Antarctic Ice Shelves Reveals A Missing Piece Of The Climate Puzzle
Antarctic Ice Shelves Reveals A Missing Piece Of The Climate Puzzle
by Katherine Hutchinson
Ice shelves, massive floating bodies of ice, are well-known for their buffering effect on land-based ice sheets as they…
Why We Won't Be Heading Into An Ice Age Any Time Soon
Why We Won't Be Heading Into An Ice Age Any Time Soon
by James Renwick
When I studied climate in my university geography course in the 1960s, I am sure we were told that the Earth was…
How Volcanoes Influence Climate And How Their Emissions Compare To What We Produce
How Volcanoes Influence Climate And How Their Emissions Compare To What We Produce
by Michael Petterson
Everyone is going on about reducing our carbon footprint, zero emissions, planting sustainable crops for biodiesel etc.
What Is Climate Sensitivity?
What Is Climate Sensitivity?
by Robert Colman and Karl Braganza
Humans are emitting CO2 and other greenhouse gases into the atmosphere. As these gases build up they trap extra heat…

LATEST VIDEOS

Methane Emissions Hit Record Breaking Levels
Methane Emissions Hit Record Breaking Levels
by Josie Garthwaite
Global emissions of methane have reached the highest levels on record, research shows.
kelp forrest 7 12
How The Forests Of The World’s Oceans Contribute To Alleviating The Climate Crisis
by Emma Bryce
Researchers are looking to kelp for help storing carbon dioxide far beneath the surface of the sea.
Tiny Plankton Drive Processes In The Ocean That Capture Twice As Much Carbon As Scientists Thought
Tiny Plankton Drive Processes In The Ocean That Capture Twice As Much Carbon As Scientists Thought
by Ken Buesseler
The ocean plays a major role in the global carbon cycle. The driving force comes from tiny plankton that produce…
Climate Change Threatens Drinking Water Quality Across The Great Lakes
Climate Change Threatens Drinking Water Quality Across The Great Lakes
by Gabriel Filippelli and Joseph D. Ortiz
“Do Not Drink/Do Not Boil” is not what anyone wants to hear about their city’s tap water. But the combined effects of…
Talking About Energy Change Could Break The Climate impasse
Talking About Energy Change Could Break The Climate Impasse
by InnerSelf Staff
Everyone has energy stories, whether they’re about a relative working on an oil rig, a parent teaching a child to turn…
Crops Could Face Double Trouble From Insects And A Warming Climate
Crops Could Face Double Trouble From Insects And A Warming Climate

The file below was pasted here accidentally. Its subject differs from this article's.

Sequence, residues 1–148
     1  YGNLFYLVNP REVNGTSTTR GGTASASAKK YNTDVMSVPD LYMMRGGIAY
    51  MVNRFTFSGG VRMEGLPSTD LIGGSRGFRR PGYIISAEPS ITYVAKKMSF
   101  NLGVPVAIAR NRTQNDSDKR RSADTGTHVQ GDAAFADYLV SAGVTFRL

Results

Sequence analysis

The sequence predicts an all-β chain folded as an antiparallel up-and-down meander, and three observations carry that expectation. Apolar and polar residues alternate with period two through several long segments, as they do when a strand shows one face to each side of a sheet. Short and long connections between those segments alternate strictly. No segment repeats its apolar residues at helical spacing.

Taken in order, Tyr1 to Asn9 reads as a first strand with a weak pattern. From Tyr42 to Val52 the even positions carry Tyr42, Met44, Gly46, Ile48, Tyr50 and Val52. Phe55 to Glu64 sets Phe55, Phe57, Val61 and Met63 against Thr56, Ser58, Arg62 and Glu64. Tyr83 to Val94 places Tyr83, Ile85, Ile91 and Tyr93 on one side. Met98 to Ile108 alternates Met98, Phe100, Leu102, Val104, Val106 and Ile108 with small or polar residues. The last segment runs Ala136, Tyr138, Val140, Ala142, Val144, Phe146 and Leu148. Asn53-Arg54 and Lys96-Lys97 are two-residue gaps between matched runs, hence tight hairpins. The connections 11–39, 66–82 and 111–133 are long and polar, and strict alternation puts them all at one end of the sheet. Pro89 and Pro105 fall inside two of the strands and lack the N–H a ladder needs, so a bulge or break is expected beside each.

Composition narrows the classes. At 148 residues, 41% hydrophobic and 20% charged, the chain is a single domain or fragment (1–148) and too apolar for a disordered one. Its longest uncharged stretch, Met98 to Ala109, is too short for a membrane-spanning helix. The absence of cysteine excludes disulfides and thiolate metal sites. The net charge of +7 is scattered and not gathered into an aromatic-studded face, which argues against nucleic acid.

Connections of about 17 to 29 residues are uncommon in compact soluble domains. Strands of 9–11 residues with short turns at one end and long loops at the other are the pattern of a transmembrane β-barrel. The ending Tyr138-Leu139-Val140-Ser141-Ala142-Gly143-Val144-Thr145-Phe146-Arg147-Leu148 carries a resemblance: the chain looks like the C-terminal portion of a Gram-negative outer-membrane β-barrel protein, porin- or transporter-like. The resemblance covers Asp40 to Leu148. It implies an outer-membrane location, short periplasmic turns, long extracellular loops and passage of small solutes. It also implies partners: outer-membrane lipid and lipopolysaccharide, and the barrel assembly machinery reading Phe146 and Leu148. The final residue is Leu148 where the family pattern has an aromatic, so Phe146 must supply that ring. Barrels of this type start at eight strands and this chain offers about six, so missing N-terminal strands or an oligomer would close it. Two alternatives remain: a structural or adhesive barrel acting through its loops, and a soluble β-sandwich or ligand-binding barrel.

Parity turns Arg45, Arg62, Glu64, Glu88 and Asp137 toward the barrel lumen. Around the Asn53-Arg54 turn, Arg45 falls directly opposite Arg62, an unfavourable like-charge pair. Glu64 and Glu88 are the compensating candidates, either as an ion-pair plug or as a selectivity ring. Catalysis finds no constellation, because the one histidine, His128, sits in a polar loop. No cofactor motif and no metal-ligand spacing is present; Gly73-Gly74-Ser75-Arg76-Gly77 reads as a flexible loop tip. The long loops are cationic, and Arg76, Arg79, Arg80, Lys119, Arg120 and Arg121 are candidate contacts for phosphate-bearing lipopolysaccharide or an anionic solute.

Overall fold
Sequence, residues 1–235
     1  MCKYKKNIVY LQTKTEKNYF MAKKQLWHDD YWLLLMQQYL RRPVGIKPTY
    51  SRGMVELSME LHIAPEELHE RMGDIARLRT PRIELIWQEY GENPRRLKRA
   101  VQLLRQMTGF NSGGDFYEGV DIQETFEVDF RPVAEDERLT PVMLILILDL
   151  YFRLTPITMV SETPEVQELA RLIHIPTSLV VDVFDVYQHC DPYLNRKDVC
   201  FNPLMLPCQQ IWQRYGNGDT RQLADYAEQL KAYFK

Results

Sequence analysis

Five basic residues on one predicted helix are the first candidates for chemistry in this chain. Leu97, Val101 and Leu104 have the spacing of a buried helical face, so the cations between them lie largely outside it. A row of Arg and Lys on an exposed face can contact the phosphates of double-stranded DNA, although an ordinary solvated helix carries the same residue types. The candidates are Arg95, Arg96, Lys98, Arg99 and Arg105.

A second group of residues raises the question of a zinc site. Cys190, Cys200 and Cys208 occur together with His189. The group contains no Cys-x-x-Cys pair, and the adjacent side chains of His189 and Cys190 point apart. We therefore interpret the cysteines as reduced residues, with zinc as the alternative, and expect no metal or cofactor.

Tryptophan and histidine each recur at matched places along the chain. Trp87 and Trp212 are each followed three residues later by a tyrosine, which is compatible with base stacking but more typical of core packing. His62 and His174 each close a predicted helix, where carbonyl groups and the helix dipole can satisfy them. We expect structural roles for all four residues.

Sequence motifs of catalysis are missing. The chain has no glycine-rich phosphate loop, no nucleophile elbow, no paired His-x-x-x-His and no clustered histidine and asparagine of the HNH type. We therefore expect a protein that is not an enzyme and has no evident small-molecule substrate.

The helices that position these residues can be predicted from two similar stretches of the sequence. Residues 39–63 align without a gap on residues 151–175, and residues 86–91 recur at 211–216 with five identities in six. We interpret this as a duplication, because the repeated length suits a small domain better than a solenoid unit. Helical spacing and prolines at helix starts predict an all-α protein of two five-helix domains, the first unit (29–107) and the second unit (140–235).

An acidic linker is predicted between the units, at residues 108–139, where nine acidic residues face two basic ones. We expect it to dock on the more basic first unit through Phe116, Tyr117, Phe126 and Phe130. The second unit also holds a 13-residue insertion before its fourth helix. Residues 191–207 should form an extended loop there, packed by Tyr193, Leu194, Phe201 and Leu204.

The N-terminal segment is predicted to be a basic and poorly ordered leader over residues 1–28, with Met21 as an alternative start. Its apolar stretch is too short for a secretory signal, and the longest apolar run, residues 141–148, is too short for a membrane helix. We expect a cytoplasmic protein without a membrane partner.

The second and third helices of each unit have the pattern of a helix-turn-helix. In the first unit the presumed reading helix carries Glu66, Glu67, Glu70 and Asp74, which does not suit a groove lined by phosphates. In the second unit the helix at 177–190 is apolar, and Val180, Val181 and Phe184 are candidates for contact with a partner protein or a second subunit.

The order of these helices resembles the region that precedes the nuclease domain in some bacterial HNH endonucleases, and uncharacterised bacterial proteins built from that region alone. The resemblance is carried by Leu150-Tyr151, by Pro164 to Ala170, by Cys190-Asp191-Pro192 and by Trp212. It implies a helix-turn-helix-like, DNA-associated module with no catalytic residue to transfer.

by Gregg Howe and Nathan Havko
For millennia, insects and the plants they feed on have been engaged in a co-evolutionary battle: to eat or not be…
To Reach Zero Emissions Government Must Address Hurdles Putting People Off Electric Cars
To Reach Zero Emissions Government Must Address Hurdles Putting People Off Electric Cars
by Swapnesh Masrani
Ambitious targets have been set by the UK and Scottish governments to become net-zero carbon economies by 2050 and 2045…
Spring Is Arriving Earlier Across The US, And That's Not Always Good News
Spring Is Arriving Earlier Across The US, And That's Not Always Good News
by Theresa Crimmins
Across much of the United States, a warming climate has advanced the arrival of spring. This year is no exception.

LATEST ARTICLES

Two-thirds Of Glacier Ice In The Himalayas Could Be Lost By 2100
Two-thirds Of Glacier Ice In The Himalayas Could Be Lost By 2100
by Ann Rowan
In the world of glaciology, the year 2007 would go down in history. It was the year a seemingly small error in a major…
Rising Temps Could Kill Millions A Year By Century’s End
Rising Temps Could Kill Millions A Year By Century’s End
by Edward Lempinen
By the end of this century, tens of millions of people could die each year worldwide as a result of temperatures rising…
New Zealand Wants To Build A 100% Renewable Electricity Grid, But Massive Infrastructure Is Not The Best Option
New Zealand Wants To Build A 100% Renewable Electricity Grid, But Massive Infrastructure Is Not The Best Option
by Janet Stephenson
A proposed multibillion-dollar project to build a pumped hydro storage plant could make New Zealand’s electricity grid…
Wind Farms Built On Carbon-rich Peat Bogs Lose Their Ability To Fight Climate Change
Wind Farms Built On Carbon-rich Peat Bogs Lose Their Ability To Fight Climate Change
by Guaduneth Chico et al
Wind power in the UK now accounts for nearly 30% of all electricity production. Land-based wind turbines now produce…
Climate Denial Hasn't Gone Away – Here's How To Spot Arguments For Delaying Climate Action
Climate Denial Hasn't Gone Away – Here's How To Spot Arguments For Delaying Climate Action
by Stuart Capstick
In new research, we have identified what we call 12 “discourses of delay”. These are ways of speaking and writing about…
Routine Gas Flaring Is Wasteful, Polluting And Undermeasured
Routine Gas Flaring Is Wasteful, Polluting And Undermeasured
by Gunnar W. Schade
If you’ve driven through an area where companies extract oil and gas from shale formations, you’ve probably seen flames…
Flight Shaming: How To Spread The Campaign That Made Swedes Give Up Flying For Good
Flight Shaming: How To Spread The Campaign That Made Swedes Give Up Flying For Good
by Avit K Bhowmik
Europe’s major airlines are likely to see their turnover drop by 50% in 2020 as a result of the COVID-19 pandemic,…
Will The Climate Warm As Much As Feared By Some?
Will The Climate Warm As Much As Feared By Some?
by Steven Sherwood et al
We know the climate changes as greenhouse gas concentrations rise, but the exact amount of expected warming remains…